Tax evasion vs. tax avoidance

By Robert Adler

Summit Business Media (AUS)


The terms "avoidance" and "evasion" are words of art under federal tax law. Avoidance involves the legitimate and legally permissible choice of methods of arranging a taxpayer's affairs, all methods being bona fide and legal, but some of which will eliminate or reduce certain tax liabilities. Evasion involves the use of colorable, fictitious or concealed transactions to reduce taxes and implies fraud, deceit and sham.

As the renowned Judge Learned Hand famously stated: "Over and over again, courts have said that there is nothing sinister in so arranging one's affairs as to keep taxes as low as possible. Everybody does so, rich and poor; and all do right, for nobody owes any public duty to pay more than the law demands; taxes are enforced exactions, not voluntary contributions. To demand more in the name of morals is mere cant" [Comm'r. v. Newman, 159 F.2d 848 (2nd Cir. 1947) (dissenting opinion at 850)].

A later opinion of the United States Court of Appeals, Sixth Circuit (citing three Supreme Court decisions), stated: "The general principle is well settled that a taxpayer has the legal right to decrease the amount of what otherwise would be his taxes, or altogether avoid them, by means which the law permits... and that the taxpayer's motive to avoid taxation will not establish liability if the transaction does not do so without it" [Chamberlin v. Comm'r, 207 F.2d 462, 468 (6th Cir. 1953), citing, e.g., Gregory v. Helvering, 293 U.S. 465 (1935)].

Substance vs. form

Taxpayers may properly structure any legitimate transaction in order to save taxes, provided that any transaction is, in fact, what it appears to be in form. As stated by the United States Supreme Court: "The incidence of taxation depends upon the substance of a transaction... To permit the true nature of a transaction to be disguised by mere formalities, which exist solely to alter tax liabilities, would seriously impair the effective administration of the tax policies of Congress" [Comm'r v. Court Holding Co., 324 U.S. 331 (1945)]. This doctrine of "substance-over-form" must always be borne in mind by financial advisors when tempted to structure transactions in a form solely for tax purposes, which does not accord with the true economic substance of the matter at hand. Literal compliance with tax statutes may not insulate transactions against challenge. The IRS is able to re-characterize the form of a transaction to reflect its true economic substance.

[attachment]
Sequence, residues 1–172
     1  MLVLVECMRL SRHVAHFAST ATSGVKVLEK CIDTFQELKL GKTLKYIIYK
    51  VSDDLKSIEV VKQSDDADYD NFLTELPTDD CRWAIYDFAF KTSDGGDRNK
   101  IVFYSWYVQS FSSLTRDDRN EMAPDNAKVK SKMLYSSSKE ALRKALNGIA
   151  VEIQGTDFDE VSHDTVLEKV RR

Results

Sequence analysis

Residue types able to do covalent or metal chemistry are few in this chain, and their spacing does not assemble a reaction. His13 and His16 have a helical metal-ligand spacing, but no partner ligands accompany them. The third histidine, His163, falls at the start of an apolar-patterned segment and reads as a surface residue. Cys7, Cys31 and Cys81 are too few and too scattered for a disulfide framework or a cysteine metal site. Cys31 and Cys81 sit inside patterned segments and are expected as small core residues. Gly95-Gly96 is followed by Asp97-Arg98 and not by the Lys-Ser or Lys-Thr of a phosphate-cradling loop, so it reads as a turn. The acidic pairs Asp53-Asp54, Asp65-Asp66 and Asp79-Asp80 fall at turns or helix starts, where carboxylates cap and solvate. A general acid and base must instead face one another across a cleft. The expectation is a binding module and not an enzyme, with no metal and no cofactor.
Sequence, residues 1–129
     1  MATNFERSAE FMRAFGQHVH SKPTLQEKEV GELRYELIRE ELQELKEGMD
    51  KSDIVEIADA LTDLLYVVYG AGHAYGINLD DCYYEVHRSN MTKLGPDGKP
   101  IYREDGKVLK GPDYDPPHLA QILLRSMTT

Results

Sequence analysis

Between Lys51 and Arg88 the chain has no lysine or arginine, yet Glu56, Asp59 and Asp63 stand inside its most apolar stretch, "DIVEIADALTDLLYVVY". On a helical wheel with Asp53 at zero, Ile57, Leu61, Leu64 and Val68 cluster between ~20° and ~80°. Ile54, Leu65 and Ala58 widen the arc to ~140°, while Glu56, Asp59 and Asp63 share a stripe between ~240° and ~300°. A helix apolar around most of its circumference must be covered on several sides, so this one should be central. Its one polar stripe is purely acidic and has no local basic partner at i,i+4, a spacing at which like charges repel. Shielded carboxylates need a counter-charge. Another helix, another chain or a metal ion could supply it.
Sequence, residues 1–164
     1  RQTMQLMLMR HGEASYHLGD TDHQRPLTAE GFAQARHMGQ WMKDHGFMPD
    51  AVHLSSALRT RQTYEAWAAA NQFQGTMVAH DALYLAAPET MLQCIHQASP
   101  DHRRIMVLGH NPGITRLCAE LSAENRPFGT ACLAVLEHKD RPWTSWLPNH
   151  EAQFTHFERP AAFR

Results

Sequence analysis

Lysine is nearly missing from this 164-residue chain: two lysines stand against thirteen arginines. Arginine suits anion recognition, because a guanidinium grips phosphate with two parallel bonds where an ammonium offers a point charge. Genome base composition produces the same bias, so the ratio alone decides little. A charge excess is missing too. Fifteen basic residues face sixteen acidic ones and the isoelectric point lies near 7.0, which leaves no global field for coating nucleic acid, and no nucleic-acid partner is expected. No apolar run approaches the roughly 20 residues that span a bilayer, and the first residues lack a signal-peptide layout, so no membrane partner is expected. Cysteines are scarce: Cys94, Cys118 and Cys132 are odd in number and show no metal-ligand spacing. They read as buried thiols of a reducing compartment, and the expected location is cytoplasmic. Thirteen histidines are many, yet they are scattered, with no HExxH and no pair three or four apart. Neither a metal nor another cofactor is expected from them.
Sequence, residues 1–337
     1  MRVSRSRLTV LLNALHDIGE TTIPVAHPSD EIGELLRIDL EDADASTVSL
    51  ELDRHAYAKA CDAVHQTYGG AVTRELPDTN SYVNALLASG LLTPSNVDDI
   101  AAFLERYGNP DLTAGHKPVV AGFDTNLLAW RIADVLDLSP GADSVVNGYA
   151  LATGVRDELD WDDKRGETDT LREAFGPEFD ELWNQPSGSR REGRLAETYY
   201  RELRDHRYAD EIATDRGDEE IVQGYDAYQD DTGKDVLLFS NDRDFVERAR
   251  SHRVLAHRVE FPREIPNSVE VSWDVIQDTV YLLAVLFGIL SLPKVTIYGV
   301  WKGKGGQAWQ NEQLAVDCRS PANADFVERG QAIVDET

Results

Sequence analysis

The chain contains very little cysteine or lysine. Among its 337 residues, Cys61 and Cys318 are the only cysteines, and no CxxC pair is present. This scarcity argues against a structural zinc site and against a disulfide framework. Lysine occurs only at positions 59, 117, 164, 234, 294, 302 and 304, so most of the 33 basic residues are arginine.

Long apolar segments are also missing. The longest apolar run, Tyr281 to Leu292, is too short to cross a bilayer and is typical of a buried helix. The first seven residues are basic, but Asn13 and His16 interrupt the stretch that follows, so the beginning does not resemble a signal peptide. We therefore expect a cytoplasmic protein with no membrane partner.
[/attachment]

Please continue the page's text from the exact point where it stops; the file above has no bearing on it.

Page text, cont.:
Be wary of any scent of tax abuse

Don't be sold on a tax avoidance arrangement that is specifically designed to exploit a loophole. Tax loopholes are not like they used to be -- when technical gaps in the Code or clever manipulation of provisions to operate in an unintended manner could be exploited until Congress acted to amend the Code. Now the IRS has expanded loophole fighting authority and vigilance, and is quick to act administratively to thwart abuses. From situations as widespread as the abusive leveraged COLI arrangement (the so-called "janitor insurance" bought into by hundreds of the largest corporations), down to small business schemes -- the lure may be enticing, but the ultimate consequences can be very costly.

Life insurance delivers reliable tax benefits

One of the powerful and reliable tax benefits of a life insurance contract is the accumulation of cash value for the benefit of the policy owner, year by year, without any current taxation of these annual increases. This is often referred to as tax-deferred "inside build-up" of cash value. In this respect, a life insurance contract is an important tax avoidance tool: earnings can accumulate and compound tax-free as long as they remain within the shelter of the insurance contract.

For a comparative analysis and comprehensive discussion see the article: "Life Insurance Offers Tax Advantaged Asset Accumulation" in AUS.

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